Luther says that the woman who scrubs floors, totally unknown, nobody is quoting her, or the man who's plowing a field, he is doing it to the glory of God because he's a priest before God. Some of you are going to like this. Luther said that when a father changes the diapers of a baby God is pleased not because the kid is clean, though the mother undoubtedly is thankful for that, God is pleased because he does it in faith. And that is like a sacrifice pleasing to the Lord, because he's a priest before God. Changed all of society. Now everyone had dignity. Everybody could participate and worship also.
So Luther is finally a free man. And in Rome there is a man by the name of Pope Leo who wants to finish St. Peter's Basilica and he's selling indulgences. Indulgences had previously been sold, but now they have a new twist. You can buy an indulgence not only for yourself, but for your dead relatives.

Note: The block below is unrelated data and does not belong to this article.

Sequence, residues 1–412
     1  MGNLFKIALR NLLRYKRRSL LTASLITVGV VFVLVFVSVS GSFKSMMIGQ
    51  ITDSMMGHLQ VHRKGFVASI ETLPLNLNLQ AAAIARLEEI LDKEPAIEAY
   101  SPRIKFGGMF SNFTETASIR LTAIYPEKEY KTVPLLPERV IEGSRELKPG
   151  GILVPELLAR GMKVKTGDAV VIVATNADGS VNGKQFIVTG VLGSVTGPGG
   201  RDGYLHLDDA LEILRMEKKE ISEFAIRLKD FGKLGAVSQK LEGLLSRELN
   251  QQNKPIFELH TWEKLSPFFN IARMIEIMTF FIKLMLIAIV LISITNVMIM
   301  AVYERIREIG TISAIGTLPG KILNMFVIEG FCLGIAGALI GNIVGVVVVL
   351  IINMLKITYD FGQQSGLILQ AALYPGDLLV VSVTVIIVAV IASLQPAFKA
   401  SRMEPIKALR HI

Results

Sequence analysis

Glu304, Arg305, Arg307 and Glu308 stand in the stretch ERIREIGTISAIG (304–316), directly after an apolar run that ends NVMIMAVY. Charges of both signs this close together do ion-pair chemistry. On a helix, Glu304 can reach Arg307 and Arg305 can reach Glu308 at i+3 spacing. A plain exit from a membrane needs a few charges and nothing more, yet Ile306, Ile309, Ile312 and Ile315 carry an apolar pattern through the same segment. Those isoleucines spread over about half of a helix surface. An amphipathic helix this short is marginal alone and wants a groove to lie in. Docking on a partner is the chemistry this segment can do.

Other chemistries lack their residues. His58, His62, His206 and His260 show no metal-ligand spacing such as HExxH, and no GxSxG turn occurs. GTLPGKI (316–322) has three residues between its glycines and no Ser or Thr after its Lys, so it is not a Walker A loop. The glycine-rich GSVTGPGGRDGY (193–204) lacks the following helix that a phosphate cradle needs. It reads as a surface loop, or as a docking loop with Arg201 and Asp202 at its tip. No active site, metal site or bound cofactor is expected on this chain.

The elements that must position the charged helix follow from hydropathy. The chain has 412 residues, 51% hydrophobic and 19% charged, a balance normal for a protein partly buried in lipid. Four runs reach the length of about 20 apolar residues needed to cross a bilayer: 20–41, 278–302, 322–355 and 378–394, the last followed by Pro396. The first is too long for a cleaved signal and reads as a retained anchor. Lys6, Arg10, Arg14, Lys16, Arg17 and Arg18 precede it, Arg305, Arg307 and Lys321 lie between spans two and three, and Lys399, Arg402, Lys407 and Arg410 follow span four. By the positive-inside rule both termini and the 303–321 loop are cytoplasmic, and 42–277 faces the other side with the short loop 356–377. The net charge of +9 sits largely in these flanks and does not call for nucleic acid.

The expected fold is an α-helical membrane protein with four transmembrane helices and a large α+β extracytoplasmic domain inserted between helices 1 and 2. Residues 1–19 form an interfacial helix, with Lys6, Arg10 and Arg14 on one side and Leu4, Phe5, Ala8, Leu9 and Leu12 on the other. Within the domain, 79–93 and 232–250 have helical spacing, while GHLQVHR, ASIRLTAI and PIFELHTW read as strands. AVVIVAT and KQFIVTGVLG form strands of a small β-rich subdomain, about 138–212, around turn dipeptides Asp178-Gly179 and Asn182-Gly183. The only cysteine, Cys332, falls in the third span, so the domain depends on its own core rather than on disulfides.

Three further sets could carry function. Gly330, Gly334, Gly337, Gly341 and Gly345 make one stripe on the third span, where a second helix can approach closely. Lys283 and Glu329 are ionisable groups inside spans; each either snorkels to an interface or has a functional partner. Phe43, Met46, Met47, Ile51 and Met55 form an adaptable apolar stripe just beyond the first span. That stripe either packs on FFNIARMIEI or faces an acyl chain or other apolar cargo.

So men like Tetzel went throughout Germany, went into the town square, and said, here ye, here ye, your mother is in the flames of purgatory. And she's saying, but for a few pents you can buy me out. And then he had a little jingle which translated from the German essentially is this, as soon as a coin hits the chest anothers soul flies to its heavenly rest.
People came and they showed Luther, the indulgences. And Luther was not amused. In fact, there were some people who bought indulgences for sins they had not yet committed but planned to commit. And Luther became angry and he nailed his 95 thesis to the council church door on October 31, 1517, 500 years ago. And the Reformation began.
It was like pulling a stone out of a mountain. He thought that he was doing something rather small, but these thesis were written in Latin, intending to be debated among the intelligentsia. Translated into German, Gutenberg had invented the printing press in the previous generation. Now all the German's are reading it. And they're all saying, [GERMAN SPEECH]. It's about time that this happened.